FLETCHER, John. Rule a wife and have a wife.

Oxford, Leonard Lichfield, 1640.


FIRST EDITION. Small 4to. pp. [4] 67 [1]. Roman letter, little italic. Printer’s device to t-p of unicorn and thistles, and mss ‘55’ to lower inner corner, floral ornament of thistles and roses to p.1, epilogue to verso of final leaf, framed by ornament of roses, thistles and crowns and cornice supported by two lunettes. Occasional mss. textual correction in contemporary hand. Slight age yellowing, repair to A3 without loss. A good, clean copy in crushed blue morocco by ‘The French Binder Garden City NY’. Gilt ruling to covers and lettering to upper cover and spine, inner dentelles richly gilt.

Regarded as one of his finest works, Fletcher’s play derives its name from the old saying ‘every man can rule a shrew but he who has her’, meaning that the reality of advising a married couple and carrying out the same advice once married are two very different tasks. This Jacobean comedy, set near Medina, follows two pairs of lovers joined in marriage under false pretences: Margarita, a rich heiress, plans to marry Leon, as a cover for her promiscuous relationships. They are brought together by Altea, her Lady in Waiting, and Leon’s brother. Her newlywed husband is not as dim-witted as he presents himself and discovers his wife’s sexual adventures as she attempts to seduce the Duke at an elaborate dinner party. Her lascivious appetite is ultimately quenched and the couple finish the play in a happy marriage. At the same time, Margarita’s servant, Estefania, pretends to be a rich heiress to marry Captain Perez, who seeks to escape duties at war by marrying a wealthy woman. Discovered by Perez, Estefania resorts to selling trinkets belonging to her mistress to the usurer Cacafogo, and demonstrating her intelligence in this pursuit, secures a happy marriage to Perez. In the end, the audience is presented with two couples with opposing power dynamics: one where the husband rules his wife and the other where the wife rules her husband, revealing a surprisingly modern attitude towards the dynamics between genders and within marital relationships. The comparison between the terrors of war and venereal disease, as discussed by the soldiers Sanchio and Laonzo, is a particularly playful example of the witty treatment of the popular combination of Love and War.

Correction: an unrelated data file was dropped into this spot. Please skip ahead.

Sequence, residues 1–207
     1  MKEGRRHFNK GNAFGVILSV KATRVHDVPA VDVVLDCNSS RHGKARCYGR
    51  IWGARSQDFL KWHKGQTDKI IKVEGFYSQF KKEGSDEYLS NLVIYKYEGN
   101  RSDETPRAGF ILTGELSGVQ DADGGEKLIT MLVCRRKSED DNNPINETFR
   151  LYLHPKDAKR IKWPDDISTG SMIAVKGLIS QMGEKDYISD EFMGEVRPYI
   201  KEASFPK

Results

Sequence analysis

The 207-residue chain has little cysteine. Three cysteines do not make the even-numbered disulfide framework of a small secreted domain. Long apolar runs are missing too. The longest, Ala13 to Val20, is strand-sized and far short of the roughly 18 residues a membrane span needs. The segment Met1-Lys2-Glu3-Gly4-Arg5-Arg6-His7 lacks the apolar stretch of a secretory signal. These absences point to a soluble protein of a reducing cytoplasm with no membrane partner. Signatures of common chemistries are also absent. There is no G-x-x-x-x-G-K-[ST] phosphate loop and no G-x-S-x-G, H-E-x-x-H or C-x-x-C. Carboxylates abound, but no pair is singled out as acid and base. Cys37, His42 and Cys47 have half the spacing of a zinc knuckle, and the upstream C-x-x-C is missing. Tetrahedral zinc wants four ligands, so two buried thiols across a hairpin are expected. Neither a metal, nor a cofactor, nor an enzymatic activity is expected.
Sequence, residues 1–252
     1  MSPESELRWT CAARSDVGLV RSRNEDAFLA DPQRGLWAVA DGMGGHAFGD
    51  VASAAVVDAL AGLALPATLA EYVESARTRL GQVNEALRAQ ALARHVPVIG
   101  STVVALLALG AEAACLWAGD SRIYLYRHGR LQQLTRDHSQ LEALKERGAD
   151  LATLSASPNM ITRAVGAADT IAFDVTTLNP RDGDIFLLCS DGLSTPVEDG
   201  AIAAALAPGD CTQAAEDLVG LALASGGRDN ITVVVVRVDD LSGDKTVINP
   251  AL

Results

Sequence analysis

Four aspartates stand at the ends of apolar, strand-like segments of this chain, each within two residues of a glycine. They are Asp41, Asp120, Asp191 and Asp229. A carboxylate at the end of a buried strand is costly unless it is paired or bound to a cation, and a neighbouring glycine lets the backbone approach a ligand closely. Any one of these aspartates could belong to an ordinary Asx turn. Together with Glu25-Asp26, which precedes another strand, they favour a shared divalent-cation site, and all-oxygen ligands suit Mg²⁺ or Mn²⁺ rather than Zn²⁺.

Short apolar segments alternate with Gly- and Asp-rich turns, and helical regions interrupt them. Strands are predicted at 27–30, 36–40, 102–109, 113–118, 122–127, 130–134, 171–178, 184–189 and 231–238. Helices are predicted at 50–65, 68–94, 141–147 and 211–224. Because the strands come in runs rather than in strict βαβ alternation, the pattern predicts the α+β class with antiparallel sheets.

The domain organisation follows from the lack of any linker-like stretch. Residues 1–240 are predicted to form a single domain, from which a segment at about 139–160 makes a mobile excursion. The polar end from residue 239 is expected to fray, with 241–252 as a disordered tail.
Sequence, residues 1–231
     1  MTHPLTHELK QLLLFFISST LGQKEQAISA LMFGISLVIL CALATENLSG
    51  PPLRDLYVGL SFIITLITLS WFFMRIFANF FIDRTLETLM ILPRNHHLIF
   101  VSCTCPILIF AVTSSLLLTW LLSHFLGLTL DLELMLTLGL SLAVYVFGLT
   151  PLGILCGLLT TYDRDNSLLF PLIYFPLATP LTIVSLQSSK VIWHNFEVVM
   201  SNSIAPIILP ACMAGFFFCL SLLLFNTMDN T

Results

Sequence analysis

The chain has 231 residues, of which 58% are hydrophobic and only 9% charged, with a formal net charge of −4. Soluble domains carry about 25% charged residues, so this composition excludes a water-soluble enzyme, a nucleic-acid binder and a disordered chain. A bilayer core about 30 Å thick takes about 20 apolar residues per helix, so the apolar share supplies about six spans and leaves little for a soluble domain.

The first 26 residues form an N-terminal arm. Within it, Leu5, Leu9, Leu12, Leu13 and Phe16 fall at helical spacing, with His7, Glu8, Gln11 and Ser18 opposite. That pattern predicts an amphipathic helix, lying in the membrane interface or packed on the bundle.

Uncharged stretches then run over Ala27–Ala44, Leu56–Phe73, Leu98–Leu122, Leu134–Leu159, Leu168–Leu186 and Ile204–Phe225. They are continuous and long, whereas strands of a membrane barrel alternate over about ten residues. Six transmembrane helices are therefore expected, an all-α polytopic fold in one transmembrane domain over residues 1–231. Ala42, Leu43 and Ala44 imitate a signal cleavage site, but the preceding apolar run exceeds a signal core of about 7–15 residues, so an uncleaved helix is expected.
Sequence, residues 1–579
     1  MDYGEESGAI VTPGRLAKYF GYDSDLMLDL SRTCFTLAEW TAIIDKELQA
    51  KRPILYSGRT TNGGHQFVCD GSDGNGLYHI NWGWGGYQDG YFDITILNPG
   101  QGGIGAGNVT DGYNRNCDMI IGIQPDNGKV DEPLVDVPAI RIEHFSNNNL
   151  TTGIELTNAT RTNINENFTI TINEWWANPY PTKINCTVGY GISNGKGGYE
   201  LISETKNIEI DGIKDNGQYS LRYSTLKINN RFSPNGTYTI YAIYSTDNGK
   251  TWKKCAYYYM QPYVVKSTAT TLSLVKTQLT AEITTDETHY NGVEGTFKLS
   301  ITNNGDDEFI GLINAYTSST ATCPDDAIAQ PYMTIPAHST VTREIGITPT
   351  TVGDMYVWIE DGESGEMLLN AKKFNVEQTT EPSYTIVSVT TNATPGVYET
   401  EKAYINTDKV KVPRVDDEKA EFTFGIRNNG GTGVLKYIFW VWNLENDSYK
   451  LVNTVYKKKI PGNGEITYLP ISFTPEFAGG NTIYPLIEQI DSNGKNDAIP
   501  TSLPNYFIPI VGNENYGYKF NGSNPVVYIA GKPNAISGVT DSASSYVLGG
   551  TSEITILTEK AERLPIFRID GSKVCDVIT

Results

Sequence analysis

The play was first performed in 1624, shortly before Fletcher’s death, but first published in 1640. It was the last of his 15 solo works, having also written several plays alongside the likes of Francis Beaumont (c.1585-1616) and even William Shakespeare (1564-1616). He was the house playwright for the acting company ‘the King’s Men’, likely taking over from Shakespeare himself. Overall, his plays fall into similar categories of Comedies, Tragedies and Histories, with many plotlines taking inspiration from the Bard himself.

ESTC: S102374, Harvey: p.303, not in Grolier nor Lowndes
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